Use of dynamic programming and particle swarm optimization techniques for solving security and unit commitment problems

  • Venkata Silpa Borra

    Student thesis: Masters by Research - CDU


    Power system security and Unit Commitment are two important tasks in power system operation. Power system security is the ability of the system to continue supplying power to consumers in spite of faults and occasional breakdown of some equipment. Power systems are designed with generation capacities larger than peak demands so that the total demand at any time can be met even in the event of failure of one or two largest generating units. The generating units have to run continuously to meet the load demand. Unit Commitment is the task of selecting the best generating unit(s) to be committed. The committed units must satisfy the fuel cost and CO2 emissions constraints. In this thesis, we considered a small power system (microgrid) consisting of ten subsystems. Although, each subsystem contains Photovoltaic, battery and Micro Gas Turbines, their capacities are not identical. A Microgrid Central Energy Management System is utilised for solving the security and Unit Commitment problems. This energy management system is a MATLAB program written for the purpose of solving the above two problems. In the simulation, we first used Dynamic Programming for solving security and Unit Commitment problems. A fault was applied to one of the subsystems causing a loss of some generation. Dynamic Programming has been able to correctly identify the fault and allocate the necessary amount of generation from another subsystem to compensate for the lost power. Being cheap and environmentally friendly, Photovoltaic should be the primary generation allocated even if they belong to a different subsystem. Unfortunately, the Dynamic Programming allocated Micro Gas Turbines in some cases even though sufficient Photovoltaic generation was available. This is due to the fact that the Dynamic Programming provides only a local solution instead of a global solution.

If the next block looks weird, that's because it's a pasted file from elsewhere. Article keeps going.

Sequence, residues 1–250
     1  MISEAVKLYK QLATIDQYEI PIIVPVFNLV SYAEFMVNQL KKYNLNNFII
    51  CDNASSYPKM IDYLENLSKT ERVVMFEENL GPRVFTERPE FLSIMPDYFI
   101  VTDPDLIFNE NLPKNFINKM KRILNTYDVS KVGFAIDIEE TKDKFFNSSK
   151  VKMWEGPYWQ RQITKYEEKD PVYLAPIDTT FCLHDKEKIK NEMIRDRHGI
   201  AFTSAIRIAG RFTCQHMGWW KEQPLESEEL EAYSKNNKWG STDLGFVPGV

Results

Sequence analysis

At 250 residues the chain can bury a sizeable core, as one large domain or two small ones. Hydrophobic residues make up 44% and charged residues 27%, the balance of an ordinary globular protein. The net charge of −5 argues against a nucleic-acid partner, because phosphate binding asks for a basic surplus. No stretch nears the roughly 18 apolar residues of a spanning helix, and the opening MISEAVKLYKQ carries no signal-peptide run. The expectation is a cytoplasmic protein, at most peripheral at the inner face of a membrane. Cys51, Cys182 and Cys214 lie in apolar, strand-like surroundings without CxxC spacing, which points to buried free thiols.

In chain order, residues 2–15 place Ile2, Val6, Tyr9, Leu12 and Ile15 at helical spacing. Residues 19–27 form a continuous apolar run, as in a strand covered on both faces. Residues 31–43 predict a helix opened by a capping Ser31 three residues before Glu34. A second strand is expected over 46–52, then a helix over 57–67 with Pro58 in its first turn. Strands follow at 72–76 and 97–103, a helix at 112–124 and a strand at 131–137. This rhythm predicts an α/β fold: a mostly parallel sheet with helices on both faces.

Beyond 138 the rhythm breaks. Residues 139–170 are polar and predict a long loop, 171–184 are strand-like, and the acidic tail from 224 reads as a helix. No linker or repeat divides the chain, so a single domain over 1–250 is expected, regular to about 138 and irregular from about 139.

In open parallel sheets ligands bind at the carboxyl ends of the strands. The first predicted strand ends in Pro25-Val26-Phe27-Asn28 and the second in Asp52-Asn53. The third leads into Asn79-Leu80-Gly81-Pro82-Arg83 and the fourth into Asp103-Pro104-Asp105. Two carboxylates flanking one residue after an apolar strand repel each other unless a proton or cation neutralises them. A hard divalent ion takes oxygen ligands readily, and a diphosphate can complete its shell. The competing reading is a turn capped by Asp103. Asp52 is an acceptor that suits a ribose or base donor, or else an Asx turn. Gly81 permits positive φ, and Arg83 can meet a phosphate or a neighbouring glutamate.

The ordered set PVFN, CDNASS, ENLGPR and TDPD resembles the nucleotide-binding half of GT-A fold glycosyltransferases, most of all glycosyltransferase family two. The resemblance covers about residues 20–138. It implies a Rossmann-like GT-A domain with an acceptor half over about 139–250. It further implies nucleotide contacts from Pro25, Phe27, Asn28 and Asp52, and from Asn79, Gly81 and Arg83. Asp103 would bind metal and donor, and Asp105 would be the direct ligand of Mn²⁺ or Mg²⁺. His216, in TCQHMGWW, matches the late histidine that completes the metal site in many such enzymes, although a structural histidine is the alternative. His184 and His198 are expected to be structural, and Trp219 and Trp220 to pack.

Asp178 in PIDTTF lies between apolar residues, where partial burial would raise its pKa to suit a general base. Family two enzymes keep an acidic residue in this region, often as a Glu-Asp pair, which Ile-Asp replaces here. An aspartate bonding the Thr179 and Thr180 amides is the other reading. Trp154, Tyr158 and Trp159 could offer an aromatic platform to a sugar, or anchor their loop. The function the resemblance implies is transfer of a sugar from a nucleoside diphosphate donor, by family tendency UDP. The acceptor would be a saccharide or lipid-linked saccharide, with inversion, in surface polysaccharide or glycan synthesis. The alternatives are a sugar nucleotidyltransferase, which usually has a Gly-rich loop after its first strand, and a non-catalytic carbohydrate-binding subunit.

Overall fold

Dynamic Programming is not, therefore, totally acceptable for solving the security and Unit Commitment problems. Next, we resorted to a second technique i.e., Particle Swarm Optimization. We applied a fault to a subsystem just as we did in the concept of Dynamic Programming. This technique also correctly identified the fault and allocated the available Photovoltaic generation from another subsystem to compensate for the lost generation. Particle Swarm Optimization used Micro Gas Turbines only when all Photovoltaic generation from all the subsystems has been used. This technique has satisfied both the security as well as Unit Commitment problems in an acceptable manner. The Particle Swarm Optimization has also been able to correctly identify the faults. When, we applied two random faults in the same or different subsystems. This technique has also recommended necessary Photovoltaic generation from another subsystem. It is obvious that the Particle Swarm Optimization was accurate and more acceptable than the Dynamic Programming for solving security and Unit Commitment problems.
    Date of AwardJul 2019
    Original languageEnglish
    SupervisorKamal Debnath (Supervisor) & Friso De Boer (Supervisor)

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